• Rhythm - Dependent on underlying rhythm
• P-Waves - Normal morphology with one PWave for each QRS
• PRI - > .20 seconds and constant
• QRS - Dependent on underlying rhythm
66
First Degree AV Block Clinical
Significance
• Not usually detrimental and often resolves
when ischemia corrected
• Must consider entire patient
67
Second Degree AV Blocks
• Type I
– Also called “Wenckebach”
– Also called Mobitz I
• Type II
– Also called Mobitz II
68
Second Degree AV Block, Type I
• Intermittent block in which AV conduction
gradually slows until an impulse is blocked
• “Long, longer, longer, drop! Long, longer,
longer, drop!”
69
Second Degree AV Block, Type I
ECG Criteria
 Rate - Atrial rate unaffected but ventricular rate
is less than atrial rate
 Rhythm - Atrial rhythm usually regular.
Ventricular rhythm is irregular with more PWaves than QRS Complexes.
 P-Waves - Unaffected with more P-Waves than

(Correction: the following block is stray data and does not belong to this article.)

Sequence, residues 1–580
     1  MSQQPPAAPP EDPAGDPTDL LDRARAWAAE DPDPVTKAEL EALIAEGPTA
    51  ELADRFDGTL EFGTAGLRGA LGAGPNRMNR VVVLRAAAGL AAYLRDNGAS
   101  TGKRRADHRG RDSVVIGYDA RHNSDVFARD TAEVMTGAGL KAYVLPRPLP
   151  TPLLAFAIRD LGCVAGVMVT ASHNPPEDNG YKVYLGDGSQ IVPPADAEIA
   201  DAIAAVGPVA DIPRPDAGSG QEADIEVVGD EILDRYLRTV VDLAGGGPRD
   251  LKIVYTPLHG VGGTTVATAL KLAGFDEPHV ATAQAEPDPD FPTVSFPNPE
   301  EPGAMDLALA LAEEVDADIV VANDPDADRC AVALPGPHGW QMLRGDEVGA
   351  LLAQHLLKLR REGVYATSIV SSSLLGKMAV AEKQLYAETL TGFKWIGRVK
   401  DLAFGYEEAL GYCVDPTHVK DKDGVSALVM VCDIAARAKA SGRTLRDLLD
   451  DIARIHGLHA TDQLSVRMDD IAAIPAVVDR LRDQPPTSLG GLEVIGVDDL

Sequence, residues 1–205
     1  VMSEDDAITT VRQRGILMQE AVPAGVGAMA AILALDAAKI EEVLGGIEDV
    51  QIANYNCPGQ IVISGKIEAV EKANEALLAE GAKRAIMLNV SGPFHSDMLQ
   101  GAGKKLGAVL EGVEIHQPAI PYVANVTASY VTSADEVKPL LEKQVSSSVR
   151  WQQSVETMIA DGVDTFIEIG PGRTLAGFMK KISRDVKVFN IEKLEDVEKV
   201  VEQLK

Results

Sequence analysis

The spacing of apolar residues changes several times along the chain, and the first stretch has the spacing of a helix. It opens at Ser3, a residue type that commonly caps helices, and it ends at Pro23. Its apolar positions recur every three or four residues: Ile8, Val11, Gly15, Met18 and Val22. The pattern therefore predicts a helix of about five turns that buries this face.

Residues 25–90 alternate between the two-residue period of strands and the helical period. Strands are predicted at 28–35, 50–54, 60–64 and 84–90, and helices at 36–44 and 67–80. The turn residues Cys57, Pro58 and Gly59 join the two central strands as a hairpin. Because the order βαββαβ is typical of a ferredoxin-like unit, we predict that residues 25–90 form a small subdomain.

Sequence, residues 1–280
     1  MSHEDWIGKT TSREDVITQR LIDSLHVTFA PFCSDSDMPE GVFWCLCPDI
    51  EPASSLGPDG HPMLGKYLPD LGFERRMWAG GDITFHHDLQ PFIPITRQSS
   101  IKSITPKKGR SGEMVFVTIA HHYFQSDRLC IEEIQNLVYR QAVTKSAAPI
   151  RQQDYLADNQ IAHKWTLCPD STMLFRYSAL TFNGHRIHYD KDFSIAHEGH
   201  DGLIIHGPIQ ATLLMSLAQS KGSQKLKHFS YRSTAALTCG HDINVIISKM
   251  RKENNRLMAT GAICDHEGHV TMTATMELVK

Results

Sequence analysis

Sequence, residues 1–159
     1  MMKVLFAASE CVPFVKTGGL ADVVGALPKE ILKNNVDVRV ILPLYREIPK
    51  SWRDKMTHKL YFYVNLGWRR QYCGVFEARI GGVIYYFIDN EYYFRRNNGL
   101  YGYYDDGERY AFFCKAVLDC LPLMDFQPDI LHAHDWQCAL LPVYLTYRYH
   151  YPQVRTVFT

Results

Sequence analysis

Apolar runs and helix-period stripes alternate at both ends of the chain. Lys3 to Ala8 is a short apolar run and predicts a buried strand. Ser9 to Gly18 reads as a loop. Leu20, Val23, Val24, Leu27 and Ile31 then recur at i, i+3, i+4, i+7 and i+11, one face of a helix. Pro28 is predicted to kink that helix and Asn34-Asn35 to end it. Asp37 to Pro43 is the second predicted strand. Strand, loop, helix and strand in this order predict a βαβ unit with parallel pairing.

QRS Complexes
 PRI - Progressively increases for consecutively
conducted P-Waves until QRS Complex is
dropped
 QRS - Unaffected
70
Second Degree AV Block, Type I
Etiology
• Often caused by increased parasympathetic
tone or drug effect
• Can be caused by MI
71
Second Degree AV Block, Type I Clinical
Significance
• Usually transient with good prognosis
• Can reduce cardiac output due to bradycardia
72
Second Degree AV Block, Type II
• Intermittent block in which not all P-Waves
are conducted to ventricles but there is no
progressive prolongation of PRI
• “Extra” p-waves.
73
Second Degree AV Block, Type II
Etiology
• Usually due to MI or other organic heart
disease
• Rarely the result of increased parasympathetic